Wednesday, June 30, 2010

Inauguration of Noynoy Aquino--inauguration of a New Philippines

At exactly 11:52 today, June 30, 2010, the sixteenth president of the Republic of the Philippines is sworn in. Benigno Simeon Aquino III, son of former Senator Benigno “Ninoy” Aquino and former president Corazon Cojuangco Aquino, was sworn in by Associate Justice Conchita Carpio-Morales, assisted by a Jesuit priest, Fr. Catalino Arevalo, a close family friend of the Aquinos. Arevalo held the bible as Aquino swears himself in before a throng of half a million Filipinos.



The inauguration started early. Despite the occasional drizzle and the threats of rain, the mood was festive and the event started with nary a hitch. A full three hours before the ceremonies at noon, people from all walks of life started arriving in droves. These people from as far as Tarlac left their homes purposely to witness a very historic event.


Aquino left his Times street residence in Quezon City and arrived at the Malacanang palace thirty or so minutes early than the 10:30am schedule. He was met by former president Gloria Macapagal-Arroyo, Vice president Noli de Castro, Executive secretary Leandro Mendoza, Finance secretary Margarito Teves and Justice secretary Alberto Agra. After a few pleasantries and photo shots together, the two then proceeded to the presidential car, an executive limo with plate number 1. The head of the Presidential Security Group (PSG) opened the car door for Arroyo, while Aquino went through the right side of the door.


As they exit the palace grounds, a whole line of people greeted the presidential car as it whizzes by. It took only 5 minutes from the palace to the Quirino grandstand grounds, not enough time perhaps for the two leaders to speak with each other. Days before the inauguration, there were malicious talk that Mrs. Arroyo would plead her case before Aquino, who, a day earlier, already established a truth commission to try members of Mrs. Arroyo’s cabinet for their alleged crimes against the People.


When the car arrived, President-elect Noynoy Aquino exited at the left side of the car while his predecessor, Mrs. Arroyo, exited at the right. They then proceeded to a mini-stage, with Mrs. Arroyo at the center, flanked to her left by Aquino and the head of the Presidential Security Group (PSG) at her right. The ceremonial troops then began the ceremonies which kicked off the formal inauguration ceremonies.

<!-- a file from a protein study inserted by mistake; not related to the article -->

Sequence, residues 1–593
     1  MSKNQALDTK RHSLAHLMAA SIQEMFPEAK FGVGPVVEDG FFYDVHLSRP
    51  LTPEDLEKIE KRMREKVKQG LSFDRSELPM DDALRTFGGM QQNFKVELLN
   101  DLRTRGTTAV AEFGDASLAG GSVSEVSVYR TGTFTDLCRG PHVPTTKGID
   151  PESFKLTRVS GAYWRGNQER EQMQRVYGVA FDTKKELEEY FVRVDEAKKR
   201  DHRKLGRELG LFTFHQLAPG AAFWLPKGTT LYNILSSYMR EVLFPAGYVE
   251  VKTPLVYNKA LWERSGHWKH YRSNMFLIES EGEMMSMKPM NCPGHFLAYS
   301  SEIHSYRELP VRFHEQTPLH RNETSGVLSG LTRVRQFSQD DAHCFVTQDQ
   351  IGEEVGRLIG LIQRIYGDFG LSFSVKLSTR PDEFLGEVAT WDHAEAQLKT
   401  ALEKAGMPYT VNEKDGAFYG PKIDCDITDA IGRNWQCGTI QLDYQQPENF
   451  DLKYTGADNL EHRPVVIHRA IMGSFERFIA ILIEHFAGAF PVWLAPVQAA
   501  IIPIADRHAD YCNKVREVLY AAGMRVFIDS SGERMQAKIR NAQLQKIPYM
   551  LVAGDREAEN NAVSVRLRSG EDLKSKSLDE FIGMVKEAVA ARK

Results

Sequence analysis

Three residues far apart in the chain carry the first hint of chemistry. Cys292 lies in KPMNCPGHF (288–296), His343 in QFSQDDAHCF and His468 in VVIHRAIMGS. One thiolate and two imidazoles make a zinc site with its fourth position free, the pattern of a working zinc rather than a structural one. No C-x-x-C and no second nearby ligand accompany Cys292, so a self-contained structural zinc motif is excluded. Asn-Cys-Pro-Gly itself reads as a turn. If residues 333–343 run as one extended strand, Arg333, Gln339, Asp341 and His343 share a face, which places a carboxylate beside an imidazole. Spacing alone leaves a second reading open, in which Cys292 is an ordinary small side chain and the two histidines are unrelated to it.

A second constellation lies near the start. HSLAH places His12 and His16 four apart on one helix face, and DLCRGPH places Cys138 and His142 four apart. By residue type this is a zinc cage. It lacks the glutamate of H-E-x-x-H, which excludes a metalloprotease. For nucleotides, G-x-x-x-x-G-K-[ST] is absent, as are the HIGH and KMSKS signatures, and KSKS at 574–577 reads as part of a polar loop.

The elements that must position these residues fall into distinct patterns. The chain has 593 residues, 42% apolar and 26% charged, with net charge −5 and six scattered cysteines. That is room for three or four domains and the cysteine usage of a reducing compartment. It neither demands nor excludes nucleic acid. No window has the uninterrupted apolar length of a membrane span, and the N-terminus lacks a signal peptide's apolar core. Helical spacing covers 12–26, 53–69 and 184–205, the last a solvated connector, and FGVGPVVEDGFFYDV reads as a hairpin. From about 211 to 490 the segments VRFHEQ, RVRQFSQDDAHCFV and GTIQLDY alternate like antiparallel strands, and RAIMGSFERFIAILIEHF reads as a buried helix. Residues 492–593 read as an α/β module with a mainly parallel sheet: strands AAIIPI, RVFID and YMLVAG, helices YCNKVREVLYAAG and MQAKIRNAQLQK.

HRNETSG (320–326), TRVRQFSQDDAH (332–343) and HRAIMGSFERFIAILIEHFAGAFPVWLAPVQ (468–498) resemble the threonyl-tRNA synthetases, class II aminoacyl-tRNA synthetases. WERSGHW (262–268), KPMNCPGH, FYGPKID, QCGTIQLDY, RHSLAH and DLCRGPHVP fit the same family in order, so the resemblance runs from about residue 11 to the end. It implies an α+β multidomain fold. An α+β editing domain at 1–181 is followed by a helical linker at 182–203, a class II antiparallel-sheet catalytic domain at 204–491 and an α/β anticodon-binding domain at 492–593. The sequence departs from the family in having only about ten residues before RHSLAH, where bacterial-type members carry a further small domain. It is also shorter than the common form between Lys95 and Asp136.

As Arroyo reviews the troops, the large crowd started booing her. The crowd, mostly members of the volunteer groups who helped Aquino during the May 10 elections, began heckling the outgoing president. When Arroyo ended her review, she saluted the PSG commander and then went and rode her black SUV, with her PSG commander riding in front of the vehicle. They then left the parade grounds amidst boos and some cheers from the crowd.


Aquino then went up the stairs and seated himself in front of the stage. Vice president Jejomar Binay then arrived. Binay rode an electric jeepney from Manila hotel. He joined Aquino on the stage.


Flanking Aquino to his right is former president Fidel Ramos, while to his left, Vice President Jejomar Binay. Two former heads of state graced the event, Ramos and President Joseph Estrada. Vice president Noli de Castro joined them, possibly the representative of the outgoing administration. At his left is Chief Justice Renato Corona, whose midnight appointment was opposed by Aquino. At de Castro’s right side, meanwhile, is Associate Justice Conchita Carpio-Morales, sister of Associate Justice Antonio Carpio, who was Aquino’s choice for the Chief Justice post.